East Palo Alto police introduce parolee program

March 20, 2009 12:37:23 PM PDT
East Palo Alto parolee Maurice Brown used to assume police were the enemy.

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"That was what the community told you," he said this morning. "But all along they were our friends."

Brown discussed his new belief as he joked with members of the East Palo Alto Police Department and his co-workers, also parolees, today while waiting to begin his second day of work of picking up trash and cleaning the side of state highways for the California Department of Transportation.

The 20 parolees, who wore bright-colored vests and clutched orange construction hats, are the first group from the East Palo Alto re-entry program to participate in the Caltrans job program.

The program gives parolees a chance to earn money, build their resumes and it introduces them back into the community in a healthy fashion, according to East Palo Alto police Capt. Carl Estelle.

"It all comes out of you when you're sitting in those cells, thinking you want to do a better thing," Brown said of why he decided to change his life since being placed on parole.

"I'm just tired of being negative," he said.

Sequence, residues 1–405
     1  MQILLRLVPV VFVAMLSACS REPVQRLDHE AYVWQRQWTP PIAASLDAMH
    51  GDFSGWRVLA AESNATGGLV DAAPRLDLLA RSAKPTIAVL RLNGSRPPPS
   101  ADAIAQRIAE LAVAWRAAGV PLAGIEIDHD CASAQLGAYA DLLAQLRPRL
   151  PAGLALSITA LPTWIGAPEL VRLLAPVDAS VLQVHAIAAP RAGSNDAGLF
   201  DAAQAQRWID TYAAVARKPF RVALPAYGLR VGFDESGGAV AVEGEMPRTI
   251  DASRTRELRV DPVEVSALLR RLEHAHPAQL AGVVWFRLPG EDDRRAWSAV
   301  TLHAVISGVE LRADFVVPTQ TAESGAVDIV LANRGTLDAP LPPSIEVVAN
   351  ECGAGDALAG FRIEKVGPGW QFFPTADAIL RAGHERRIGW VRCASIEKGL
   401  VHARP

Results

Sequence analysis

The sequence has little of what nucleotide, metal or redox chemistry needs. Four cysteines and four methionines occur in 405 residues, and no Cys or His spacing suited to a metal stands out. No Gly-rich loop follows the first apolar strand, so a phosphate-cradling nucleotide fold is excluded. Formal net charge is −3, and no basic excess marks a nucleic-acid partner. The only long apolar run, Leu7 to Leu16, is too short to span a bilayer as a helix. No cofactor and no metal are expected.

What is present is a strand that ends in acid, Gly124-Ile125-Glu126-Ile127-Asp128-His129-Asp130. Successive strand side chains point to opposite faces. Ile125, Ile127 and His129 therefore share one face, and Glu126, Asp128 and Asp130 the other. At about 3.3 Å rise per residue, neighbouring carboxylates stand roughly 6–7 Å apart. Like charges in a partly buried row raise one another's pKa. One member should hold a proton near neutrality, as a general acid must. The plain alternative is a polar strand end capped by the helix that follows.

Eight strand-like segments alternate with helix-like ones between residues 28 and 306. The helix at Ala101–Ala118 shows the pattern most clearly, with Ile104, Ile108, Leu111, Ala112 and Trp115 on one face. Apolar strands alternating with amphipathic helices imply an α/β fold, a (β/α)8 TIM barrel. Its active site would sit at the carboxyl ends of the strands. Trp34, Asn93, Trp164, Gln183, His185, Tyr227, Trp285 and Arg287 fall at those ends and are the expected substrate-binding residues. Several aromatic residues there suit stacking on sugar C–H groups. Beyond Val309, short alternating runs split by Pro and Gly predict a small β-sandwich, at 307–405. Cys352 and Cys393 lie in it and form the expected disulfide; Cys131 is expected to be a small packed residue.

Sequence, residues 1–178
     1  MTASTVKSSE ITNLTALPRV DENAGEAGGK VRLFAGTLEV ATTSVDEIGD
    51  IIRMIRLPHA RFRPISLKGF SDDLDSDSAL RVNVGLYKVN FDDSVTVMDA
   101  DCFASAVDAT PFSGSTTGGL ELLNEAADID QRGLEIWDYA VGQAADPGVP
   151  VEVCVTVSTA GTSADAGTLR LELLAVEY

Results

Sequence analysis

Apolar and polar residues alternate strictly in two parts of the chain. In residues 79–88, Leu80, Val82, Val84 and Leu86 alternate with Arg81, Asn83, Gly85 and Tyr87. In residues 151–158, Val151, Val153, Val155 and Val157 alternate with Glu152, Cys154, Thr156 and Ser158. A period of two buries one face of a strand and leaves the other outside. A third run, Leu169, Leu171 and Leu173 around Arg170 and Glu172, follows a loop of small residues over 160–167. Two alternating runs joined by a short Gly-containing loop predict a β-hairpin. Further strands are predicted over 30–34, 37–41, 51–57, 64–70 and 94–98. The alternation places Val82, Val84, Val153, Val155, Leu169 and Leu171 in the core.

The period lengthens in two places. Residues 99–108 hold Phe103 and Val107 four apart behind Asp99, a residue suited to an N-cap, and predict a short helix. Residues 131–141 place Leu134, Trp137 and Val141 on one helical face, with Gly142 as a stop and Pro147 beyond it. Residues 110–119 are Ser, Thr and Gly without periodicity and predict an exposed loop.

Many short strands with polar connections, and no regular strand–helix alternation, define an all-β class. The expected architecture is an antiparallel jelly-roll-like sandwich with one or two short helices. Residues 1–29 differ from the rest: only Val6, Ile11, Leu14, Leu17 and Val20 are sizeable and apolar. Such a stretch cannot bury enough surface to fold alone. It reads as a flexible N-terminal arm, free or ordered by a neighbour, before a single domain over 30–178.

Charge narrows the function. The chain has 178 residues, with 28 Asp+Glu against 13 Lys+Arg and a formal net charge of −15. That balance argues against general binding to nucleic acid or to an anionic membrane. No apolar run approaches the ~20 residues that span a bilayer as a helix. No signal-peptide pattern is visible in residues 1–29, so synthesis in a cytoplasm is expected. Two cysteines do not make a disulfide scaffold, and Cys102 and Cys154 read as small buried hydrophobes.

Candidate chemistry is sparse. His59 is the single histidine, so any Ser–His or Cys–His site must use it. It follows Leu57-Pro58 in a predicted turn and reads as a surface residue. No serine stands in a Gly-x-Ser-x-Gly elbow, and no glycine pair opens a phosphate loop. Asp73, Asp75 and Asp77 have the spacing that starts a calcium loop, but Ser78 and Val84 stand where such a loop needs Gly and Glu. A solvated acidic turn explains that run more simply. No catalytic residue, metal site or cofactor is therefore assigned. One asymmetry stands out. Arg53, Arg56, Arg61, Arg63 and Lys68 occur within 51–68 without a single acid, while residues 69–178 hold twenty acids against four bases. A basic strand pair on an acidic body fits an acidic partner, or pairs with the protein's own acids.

Another parolee, Sonia Carrasco, said she doesn't want to be cuffs anymore.

"You gotta want to change," Carrasco said. "I'm tired of the road I was living out there."

After the parolees report for work at the Police Department, they are briefed and then taken to various sites to clean the sides of the highways.

Today was the group's first full day of work, from 8 a.m. to 4:30 p.m., and their second day in the field. The parolees are paid $10 an hour.

Parolee Cheryl Walker said she is grateful for the work since her last real job was in 1985.

"For 20 years I was in and out of prison with no opportunities, until this program came about," she said.

The California Department of Corrections and Rehabilitation and Caltrans funded the $1 million program, according to Estelle.

The program is part of the second phase of a three-phase plan to help parolees adjust to life outside prison, Robert Hoover, director of Day Reporting Center, said.

The first phase includes an assessment of the parolee to determine if any documents, such as a driver's license or other form of identification, are needed. Job readiness classes are also offered during phase one, according to Hoover.

The second phase involves a job search and classes such as cognitive development, substance abuse education, family reintegration and anger management, Hoover said.

The third phase continues long-term thinking with parolees to establish a life plan.

The re-entry program was implemented in January 2008. Today's group of parolees is the first to work with Caltrans through the new program, Hoover said.

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